Trees have cosmetic value for a lot of reasons, including their satisfying foliage or vibrant flowers. Some trees have additional impact because of the visual appeal of the fruit. Many ornamental trees are especially interesting because they encase their seeds at a prickly or spiny coat which protects them from predators and adds additional landscape appeal.
The Korean dogwood (Cornus kousa), also referred to as the kousa dogwood, is an especially attractive tree that is quite different from the standard and more commonly seen flowering dogwood (C. florida). It reaches a complete height of 15 to 30 feet at maturity, using an equivalent spread and is native to parts of Japan, Korea and China. Kousa dogwood trees bloom after their flat, wide leaves appear, creating starkly white flowers, each with four pointed bracts which make a dramatic screen against the deep green leaves. Flowers are followed by prickly, berry-like fruits which turn pinkish-red in summertime and deepen to reddish-purple by fall, supplying late-season food for birds. The Korean dogwood is suitable for U.S. Department of Agriculture plant hardiness zones 5 through 8.
Sweet Gum Tree
The sweet gum tree (Liquidambar styraciflua) is a large, easy-to-grow tree which reaches a height at maturity of 60 to 80 feet. Native to a lot of areas of the U.S. in addition to Mexico and Central America, the sweet gum is pyramidal shaped when young, maturing to a oval or round form. It has inconspicuous yellow-green flowers in spring, followed by clusters of small fruits which are hard, round and bristly and can protect the earth as they fall from the tree. The sweet gum prefers full sun and fertile land, and is suitable for USDA hardiness zones 5 through 9.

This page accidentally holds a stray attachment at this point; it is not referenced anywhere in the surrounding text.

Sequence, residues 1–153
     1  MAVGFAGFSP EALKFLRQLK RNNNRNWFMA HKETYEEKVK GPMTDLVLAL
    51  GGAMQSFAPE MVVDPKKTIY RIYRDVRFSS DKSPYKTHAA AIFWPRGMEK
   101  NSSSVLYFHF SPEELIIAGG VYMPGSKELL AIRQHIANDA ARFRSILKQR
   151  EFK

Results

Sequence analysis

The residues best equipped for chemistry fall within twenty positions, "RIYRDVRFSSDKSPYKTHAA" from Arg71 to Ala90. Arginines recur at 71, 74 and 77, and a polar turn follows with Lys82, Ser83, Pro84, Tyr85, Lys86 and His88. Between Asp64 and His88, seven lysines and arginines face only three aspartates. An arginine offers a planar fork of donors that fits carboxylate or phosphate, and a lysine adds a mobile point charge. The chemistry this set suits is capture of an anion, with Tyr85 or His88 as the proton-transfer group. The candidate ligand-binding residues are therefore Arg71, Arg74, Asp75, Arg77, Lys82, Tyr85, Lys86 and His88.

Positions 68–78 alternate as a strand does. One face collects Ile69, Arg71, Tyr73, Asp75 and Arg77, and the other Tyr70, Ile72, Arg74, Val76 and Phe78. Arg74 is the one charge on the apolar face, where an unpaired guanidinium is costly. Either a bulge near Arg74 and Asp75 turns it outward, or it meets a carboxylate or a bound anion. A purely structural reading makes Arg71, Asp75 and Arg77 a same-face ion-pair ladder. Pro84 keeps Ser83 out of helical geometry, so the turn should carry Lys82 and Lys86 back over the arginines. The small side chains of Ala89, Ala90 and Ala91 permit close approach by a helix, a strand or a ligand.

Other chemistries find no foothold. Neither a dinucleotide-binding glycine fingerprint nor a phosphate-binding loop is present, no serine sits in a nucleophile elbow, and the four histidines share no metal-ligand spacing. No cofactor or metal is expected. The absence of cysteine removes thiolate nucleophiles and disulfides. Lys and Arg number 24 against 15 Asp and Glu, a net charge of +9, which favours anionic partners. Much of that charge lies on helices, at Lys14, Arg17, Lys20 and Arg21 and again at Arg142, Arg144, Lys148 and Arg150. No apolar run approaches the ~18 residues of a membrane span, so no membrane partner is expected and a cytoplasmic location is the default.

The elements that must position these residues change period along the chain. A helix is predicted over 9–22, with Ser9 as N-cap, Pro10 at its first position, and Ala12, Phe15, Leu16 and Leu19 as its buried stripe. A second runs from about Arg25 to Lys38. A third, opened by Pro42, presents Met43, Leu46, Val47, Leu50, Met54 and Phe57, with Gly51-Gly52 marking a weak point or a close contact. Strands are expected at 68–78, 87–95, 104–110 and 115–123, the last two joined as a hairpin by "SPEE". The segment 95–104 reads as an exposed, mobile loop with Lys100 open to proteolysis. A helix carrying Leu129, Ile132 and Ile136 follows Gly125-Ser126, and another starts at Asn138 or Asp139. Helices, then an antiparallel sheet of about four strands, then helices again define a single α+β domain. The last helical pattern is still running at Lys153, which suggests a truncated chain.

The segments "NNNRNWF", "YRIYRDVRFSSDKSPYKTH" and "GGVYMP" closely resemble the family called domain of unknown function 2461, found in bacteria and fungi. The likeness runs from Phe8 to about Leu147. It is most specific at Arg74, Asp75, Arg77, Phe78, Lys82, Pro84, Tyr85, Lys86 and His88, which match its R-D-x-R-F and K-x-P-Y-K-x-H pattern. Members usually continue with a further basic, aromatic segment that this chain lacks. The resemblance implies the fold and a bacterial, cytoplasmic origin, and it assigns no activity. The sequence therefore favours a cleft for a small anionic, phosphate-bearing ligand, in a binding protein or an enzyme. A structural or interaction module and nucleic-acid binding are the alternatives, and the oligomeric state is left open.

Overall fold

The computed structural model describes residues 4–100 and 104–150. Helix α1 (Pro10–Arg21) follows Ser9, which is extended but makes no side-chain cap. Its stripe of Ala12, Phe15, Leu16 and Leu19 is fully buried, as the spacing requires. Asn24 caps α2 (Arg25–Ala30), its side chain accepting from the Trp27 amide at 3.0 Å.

The Chinese chestnut tree (Castanea mollissima) comes from China, as its name implies. A 40- to 60-foot-tall tree, also it’s an equivalent spread and a graceful branching pattern, which makes it especially ornamental. Quite tolerant of summer heat, the Chinese chestnut tree exhibits, dark green leaves and fragrant creamy yellow-to-white flowers which appear in June. Edible chestnuts follow the blossoms, with 2 or 3 delicious nuts encased in green shells which are approximately 2 inches in diameter, rather spiny and hard to handle. Chinese chestnut trees are resistant to chestnut blight, a serious illness for other types of chestnuts that produce edible nuts, and develop best in USDA zones 4 through 8.
Regardless of its title, the horse chestnut tree (Nephelium lappaceum) is not associated with chestnuts that produce edible fruit, which belong to the beech family. The horse chestnut is part of the soapberry family and is native to the Balkan nations. The tree may reach a height of 75 feet, with large compound leaves consisting of radially-arranged, oblong leaflets. The tree has white flowers grouped into large and showy pyramidal clusters in May, followed with smooth brown poisonous nuts encased in prickly green husks, with around four nuts per husk. Horse chestnuts are easy-to-grow trees which bear sunlight or partial shade in USDA zones 3 through 8.